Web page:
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Dunphy’s bill to protect victims of domestic violence, stalking becomes law

July 9, 2015

AUGUSTA – Rep. Michelle Dunphy’s measure to strengthen protections for victims of domestic violence, sexual assault and stalking is now law.

LD 756 adds new provisions to the Address Confidentiality Program, a program that keeps victims’ personal information out of the hands of their abusers.

“Since its inception nearly 15 years ago, the Address Confidentiality Program has provided a layer of protection from the horrors of domestic violence to hundreds of families,” said Dunphy, D-Old Town. “By continuing and strengthening this important program, we can help these families as they try to regain their security and peace of mind.”

The measure adds provisions to keep the name of program participants confidential on certain public municipal documents. It was supported by the Office of the Secretary of State, which administers the program, the Maine Municipal Association and domestic violence prevention advocates.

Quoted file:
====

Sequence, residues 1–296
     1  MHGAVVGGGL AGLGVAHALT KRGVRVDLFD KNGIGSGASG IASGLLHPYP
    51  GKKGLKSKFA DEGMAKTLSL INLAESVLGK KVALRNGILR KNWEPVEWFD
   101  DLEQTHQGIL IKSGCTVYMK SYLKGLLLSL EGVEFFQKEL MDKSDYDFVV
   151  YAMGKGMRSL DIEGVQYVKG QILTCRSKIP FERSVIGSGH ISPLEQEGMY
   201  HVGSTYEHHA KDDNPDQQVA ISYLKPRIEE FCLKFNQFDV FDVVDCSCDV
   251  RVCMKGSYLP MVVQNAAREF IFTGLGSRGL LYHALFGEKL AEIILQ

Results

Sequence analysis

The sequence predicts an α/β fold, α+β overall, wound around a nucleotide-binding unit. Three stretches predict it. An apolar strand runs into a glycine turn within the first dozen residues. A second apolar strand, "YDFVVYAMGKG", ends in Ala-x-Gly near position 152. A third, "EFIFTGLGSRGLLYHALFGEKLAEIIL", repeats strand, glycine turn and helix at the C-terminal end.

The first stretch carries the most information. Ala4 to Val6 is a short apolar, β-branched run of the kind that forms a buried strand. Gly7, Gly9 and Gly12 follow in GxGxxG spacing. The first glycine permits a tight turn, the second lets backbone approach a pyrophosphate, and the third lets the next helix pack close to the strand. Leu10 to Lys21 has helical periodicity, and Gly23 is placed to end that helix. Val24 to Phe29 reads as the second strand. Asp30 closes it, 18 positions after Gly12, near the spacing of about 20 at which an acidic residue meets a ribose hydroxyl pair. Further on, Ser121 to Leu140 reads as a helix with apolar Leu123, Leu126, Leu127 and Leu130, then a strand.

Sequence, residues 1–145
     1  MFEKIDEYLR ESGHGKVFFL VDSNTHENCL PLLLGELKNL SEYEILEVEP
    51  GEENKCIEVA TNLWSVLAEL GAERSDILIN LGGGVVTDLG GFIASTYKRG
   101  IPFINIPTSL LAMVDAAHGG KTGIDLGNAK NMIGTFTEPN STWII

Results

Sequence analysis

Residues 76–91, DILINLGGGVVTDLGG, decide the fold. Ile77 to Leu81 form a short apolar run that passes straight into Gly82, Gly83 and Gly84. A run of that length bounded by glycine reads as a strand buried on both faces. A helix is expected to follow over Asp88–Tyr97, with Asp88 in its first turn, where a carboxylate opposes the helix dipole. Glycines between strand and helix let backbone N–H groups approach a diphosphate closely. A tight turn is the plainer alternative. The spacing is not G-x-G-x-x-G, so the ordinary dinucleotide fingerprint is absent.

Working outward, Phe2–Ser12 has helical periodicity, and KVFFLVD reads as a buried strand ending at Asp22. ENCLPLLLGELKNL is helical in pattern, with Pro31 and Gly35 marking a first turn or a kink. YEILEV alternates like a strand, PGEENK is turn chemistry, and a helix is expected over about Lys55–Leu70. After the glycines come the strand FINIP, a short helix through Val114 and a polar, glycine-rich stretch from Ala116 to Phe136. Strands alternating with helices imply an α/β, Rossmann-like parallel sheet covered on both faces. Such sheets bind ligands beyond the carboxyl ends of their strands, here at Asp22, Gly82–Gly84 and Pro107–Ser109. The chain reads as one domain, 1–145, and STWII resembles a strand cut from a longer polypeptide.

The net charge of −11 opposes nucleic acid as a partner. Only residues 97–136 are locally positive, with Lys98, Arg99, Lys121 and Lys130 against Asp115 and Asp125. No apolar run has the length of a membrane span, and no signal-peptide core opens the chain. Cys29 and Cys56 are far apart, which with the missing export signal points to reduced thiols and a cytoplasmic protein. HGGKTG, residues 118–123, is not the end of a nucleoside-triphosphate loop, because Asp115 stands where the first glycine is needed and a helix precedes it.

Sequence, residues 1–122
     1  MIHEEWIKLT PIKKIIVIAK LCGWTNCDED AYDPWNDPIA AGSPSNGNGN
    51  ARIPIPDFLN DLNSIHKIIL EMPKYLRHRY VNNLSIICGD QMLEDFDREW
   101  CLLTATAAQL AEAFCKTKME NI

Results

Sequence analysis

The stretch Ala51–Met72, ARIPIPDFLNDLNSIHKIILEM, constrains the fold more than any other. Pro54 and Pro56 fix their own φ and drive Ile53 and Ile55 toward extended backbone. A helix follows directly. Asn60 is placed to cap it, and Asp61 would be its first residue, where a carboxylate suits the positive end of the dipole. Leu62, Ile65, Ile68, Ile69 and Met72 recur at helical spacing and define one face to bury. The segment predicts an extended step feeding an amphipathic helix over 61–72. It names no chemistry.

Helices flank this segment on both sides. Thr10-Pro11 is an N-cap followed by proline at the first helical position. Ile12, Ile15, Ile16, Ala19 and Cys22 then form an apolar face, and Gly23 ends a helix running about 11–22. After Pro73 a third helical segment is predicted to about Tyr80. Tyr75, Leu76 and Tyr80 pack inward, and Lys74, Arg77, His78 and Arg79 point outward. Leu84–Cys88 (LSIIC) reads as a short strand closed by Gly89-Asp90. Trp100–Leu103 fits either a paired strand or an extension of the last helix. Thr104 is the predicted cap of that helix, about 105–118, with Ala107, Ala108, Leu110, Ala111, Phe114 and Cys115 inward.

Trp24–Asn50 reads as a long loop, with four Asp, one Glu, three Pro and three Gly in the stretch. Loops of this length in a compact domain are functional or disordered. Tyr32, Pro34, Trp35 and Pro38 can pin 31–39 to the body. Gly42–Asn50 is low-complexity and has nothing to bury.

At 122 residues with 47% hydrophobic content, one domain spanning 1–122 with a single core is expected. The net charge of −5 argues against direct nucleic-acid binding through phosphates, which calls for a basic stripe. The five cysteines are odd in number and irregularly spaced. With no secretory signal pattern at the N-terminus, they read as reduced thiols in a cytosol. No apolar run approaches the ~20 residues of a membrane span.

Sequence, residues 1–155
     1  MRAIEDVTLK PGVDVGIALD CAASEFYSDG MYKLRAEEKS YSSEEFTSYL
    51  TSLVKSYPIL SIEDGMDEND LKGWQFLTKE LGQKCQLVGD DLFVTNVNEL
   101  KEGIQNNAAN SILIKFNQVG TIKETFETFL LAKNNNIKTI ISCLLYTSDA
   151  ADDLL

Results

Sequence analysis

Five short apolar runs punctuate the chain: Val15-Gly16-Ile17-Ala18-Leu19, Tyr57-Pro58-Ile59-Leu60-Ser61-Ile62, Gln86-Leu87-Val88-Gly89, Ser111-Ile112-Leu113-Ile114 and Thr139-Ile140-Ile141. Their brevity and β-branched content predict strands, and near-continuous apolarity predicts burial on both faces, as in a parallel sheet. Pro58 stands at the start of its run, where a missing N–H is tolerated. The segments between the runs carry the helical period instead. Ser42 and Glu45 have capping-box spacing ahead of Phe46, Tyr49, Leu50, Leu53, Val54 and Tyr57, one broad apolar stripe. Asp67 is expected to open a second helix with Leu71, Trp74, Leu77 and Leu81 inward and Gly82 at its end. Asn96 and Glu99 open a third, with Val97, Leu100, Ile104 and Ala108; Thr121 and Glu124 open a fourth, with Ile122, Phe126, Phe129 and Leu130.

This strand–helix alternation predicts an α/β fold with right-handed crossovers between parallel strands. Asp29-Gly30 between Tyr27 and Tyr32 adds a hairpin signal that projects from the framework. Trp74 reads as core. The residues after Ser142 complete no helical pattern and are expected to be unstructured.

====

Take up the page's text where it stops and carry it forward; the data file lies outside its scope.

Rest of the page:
The bill is among those that became law without the governor’s signature. The governor has 10 days, not including Sundays, to sign or veto a bill. If he does not take either of those actions, the bill becomes law if the Legislature has not finally adjourned.

The bill goes into effect 90 days after the Legislature finally adjourns. The Legislature will be in session on July 16 to address any vetoes issued by the governor as prescribed by the Maine Constitution.

Dunphy is serving her first term in the Maine House. She is a member of the Agriculture, Conservation and Forestry Committee and represents Old Town and Penobscot Indian Island.


Ann Kim [Dunphy], c. 233-1838